South Yorkshire and Bassetlaw

This content relates to the following topics:

Part of Integrated care systems

The South Yorkshire and Bassetlaw (SYB) ICS covers the four boroughs in South Yorkshire – Barnsley, Doncaster, Rotherham and Sheffield – and the northernmost borough of Nottinghamshire, Bassetlaw. Covering a population of 1.5 million, it is one of the largest of the first-wave ICSs. 

Each of the five places within SYB have relatively high levels of deprivation compared with the rest of the country, with Barnsley and Doncaster in the top 15 per cent most deprived local authorities nationally. SYB also compares poorly with the rest of the country on a range of health measures, such as preventable mortality rates, smoking and obesity, and adult mental illness.

The ICS is made up of 23 members. This includes Barnsley, Doncaster, Rotherham, Sheffield and Bassetlaw CCGs. It also includes the following nine provider organisations:

  • Barnsley Hospital NHS Foundation Trust 
  • Doncaster and Bassetlaw Teaching Hospitals NHS Foundation Trust 
  • Sheffield Teaching Hospitals NHS Foundation Trust
  • The Rotherham NHS Foundation Trust 
  • Sheffield Children’s NHS Foundation Trust 
  • Chesterfield Royal Hospital NHS Foundation Trust 
  • Sheffield Health and Social Care NHS Foundation Trust 
  • Rotherham Doncaster and South Humber NHS Foundation Trust 
  • Yorkshire Ambulance Service NHS Trust. 

Other members include the local authority within each of the five places: Barnsley Metropolitan Borough Council, Doncaster Metropolitan Borough Council, Nottinghamshire County Council / Bassetlaw District Council, Rotherham Metropolitan Borough Council and Sheffield City Council. They also include nearby providers Nottinghamshire Healthcare NHS Foundation Trust, South West Yorkshire Partnership NHS Foundation Trust, East Midlands Ambulance Service NHS Trust and Doncaster Children’s Services Trust.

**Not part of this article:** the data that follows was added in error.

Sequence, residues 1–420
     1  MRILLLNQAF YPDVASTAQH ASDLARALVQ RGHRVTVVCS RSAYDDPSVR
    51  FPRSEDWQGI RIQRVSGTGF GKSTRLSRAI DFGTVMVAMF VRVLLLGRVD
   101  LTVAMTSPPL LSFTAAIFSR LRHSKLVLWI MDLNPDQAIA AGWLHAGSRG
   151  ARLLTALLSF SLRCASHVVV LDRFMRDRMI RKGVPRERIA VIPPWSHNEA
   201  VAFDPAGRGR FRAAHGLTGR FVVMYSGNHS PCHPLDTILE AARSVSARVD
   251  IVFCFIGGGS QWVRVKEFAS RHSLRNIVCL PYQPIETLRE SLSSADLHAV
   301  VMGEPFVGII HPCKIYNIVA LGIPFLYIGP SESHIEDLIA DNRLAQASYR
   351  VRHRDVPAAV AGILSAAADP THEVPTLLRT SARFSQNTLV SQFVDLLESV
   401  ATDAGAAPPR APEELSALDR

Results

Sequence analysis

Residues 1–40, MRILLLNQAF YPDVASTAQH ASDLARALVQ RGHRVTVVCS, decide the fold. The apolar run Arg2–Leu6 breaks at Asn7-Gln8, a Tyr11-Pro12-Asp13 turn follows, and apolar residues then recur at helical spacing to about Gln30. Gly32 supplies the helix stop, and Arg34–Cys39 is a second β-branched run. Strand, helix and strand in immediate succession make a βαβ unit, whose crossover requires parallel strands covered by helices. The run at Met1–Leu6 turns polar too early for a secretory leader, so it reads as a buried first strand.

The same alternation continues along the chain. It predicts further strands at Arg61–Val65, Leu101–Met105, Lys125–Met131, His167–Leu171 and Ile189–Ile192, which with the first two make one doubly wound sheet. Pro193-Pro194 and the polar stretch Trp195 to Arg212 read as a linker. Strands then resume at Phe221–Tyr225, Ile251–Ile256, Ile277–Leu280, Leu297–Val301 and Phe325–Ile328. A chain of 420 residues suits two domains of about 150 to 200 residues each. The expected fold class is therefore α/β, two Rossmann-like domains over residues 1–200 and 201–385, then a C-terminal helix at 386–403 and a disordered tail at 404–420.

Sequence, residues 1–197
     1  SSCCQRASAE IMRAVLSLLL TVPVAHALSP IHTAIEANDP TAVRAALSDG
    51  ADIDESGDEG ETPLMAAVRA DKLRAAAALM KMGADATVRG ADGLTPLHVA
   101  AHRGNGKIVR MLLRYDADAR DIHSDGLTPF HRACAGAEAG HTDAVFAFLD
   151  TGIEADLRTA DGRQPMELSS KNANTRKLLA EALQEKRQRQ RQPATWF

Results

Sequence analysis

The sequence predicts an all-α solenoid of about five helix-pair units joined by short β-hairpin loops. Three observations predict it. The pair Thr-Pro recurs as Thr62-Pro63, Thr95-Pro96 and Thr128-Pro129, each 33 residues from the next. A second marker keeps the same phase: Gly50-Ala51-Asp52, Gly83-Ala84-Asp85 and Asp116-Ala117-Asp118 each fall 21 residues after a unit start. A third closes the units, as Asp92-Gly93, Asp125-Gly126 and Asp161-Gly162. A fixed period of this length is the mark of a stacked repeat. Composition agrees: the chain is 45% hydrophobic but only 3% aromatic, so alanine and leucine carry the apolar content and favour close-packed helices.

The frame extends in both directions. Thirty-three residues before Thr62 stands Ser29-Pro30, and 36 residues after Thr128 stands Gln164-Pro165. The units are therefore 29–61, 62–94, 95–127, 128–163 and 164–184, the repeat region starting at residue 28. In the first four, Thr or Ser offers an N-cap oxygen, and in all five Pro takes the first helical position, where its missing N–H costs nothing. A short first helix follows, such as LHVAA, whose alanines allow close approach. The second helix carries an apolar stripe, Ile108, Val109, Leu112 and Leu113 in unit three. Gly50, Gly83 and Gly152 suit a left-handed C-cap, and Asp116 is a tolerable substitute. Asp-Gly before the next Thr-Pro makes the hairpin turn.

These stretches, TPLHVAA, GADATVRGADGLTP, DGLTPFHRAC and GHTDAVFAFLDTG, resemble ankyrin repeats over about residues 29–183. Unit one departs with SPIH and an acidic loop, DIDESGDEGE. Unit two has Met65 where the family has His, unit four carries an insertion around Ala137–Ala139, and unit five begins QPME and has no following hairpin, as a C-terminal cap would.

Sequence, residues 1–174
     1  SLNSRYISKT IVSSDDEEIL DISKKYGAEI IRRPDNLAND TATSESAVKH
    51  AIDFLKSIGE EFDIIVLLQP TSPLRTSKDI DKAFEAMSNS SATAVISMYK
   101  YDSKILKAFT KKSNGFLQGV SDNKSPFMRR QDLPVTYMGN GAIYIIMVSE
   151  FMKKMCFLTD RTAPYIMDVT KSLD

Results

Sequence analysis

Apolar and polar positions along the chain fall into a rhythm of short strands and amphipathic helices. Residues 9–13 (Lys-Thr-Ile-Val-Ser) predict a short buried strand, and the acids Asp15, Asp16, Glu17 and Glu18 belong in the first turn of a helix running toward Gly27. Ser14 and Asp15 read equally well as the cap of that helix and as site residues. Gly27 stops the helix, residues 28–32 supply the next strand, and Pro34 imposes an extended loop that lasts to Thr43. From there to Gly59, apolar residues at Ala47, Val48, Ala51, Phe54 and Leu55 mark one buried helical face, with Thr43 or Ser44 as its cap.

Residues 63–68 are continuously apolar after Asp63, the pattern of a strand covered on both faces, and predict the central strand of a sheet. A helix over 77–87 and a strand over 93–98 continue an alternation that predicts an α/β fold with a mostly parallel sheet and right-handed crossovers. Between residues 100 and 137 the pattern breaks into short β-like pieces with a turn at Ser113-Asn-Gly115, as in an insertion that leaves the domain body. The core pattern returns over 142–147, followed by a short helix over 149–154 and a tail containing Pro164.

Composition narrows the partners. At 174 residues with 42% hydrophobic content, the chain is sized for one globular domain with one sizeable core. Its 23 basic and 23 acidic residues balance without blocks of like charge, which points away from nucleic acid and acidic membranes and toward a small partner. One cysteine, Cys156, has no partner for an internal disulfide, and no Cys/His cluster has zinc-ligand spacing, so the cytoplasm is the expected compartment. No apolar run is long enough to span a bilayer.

The ICS builds on a history of joint working across South Yorkshire and Bassetlaw. This includes the Working Together programme – an acute care collaboration which became a vanguard in 2015 – and the Commissioners Working Together collaboration. The establishment of the sustainability and transformation partnership was seen as a key step in closer working and joint planning between the organisations, and the basis for the ICS.

While joint working is continuing to develop at the level of the ICS, organisations are continuing to focus much of their attention at a place level. Each of the five places within SYB has developed an Integrated Care Partnership (ICP), and these are seen as the ‘building blocks’ of the ICS. The ICPs include the relevant NHS providers and commissioners, as well as local government and the voluntary sector, and therefore are the main mechanism though which local authorities are engaged in the work on integrated care.

ICS structure and governance

SYB’s governance is currently being reviewed, with the revised approach expected in autumn 2018. Its current structure includes a collaborative partnership board, which meets monthly and is responsible for agreeing the ICS’s strategy and monitoring performance. While the partnership board is not a statutory body, it can make recommendations for its members to consider formally through their own governance structures. The board’s membership is very broad (approximately 40 people), including all ICS members, as well as others such as local Healthwatch groups, representatives from the voluntary and community sector, and NHS England and NHS Improvement staff.

An executive steering group oversees delivery and makes recommendations to the partnership board on transformation funding spend. The steering group includes chief executives, accountable officers and others from the member organisations’ leadership teams such as strategy and finance directors. The programme boards, which report to the steering group, are responsible for delivering key priorities. Each is led by a chief executive and accountable officer. 

There is some scope for the SYB partners to make collective decisions through a joint committee for commissioners, which has delegated authority for hyper acute stroke services and children’s surgery, and providers’ committees in common. Under current arrangements, however, these two bodies are unable to take joint decisions.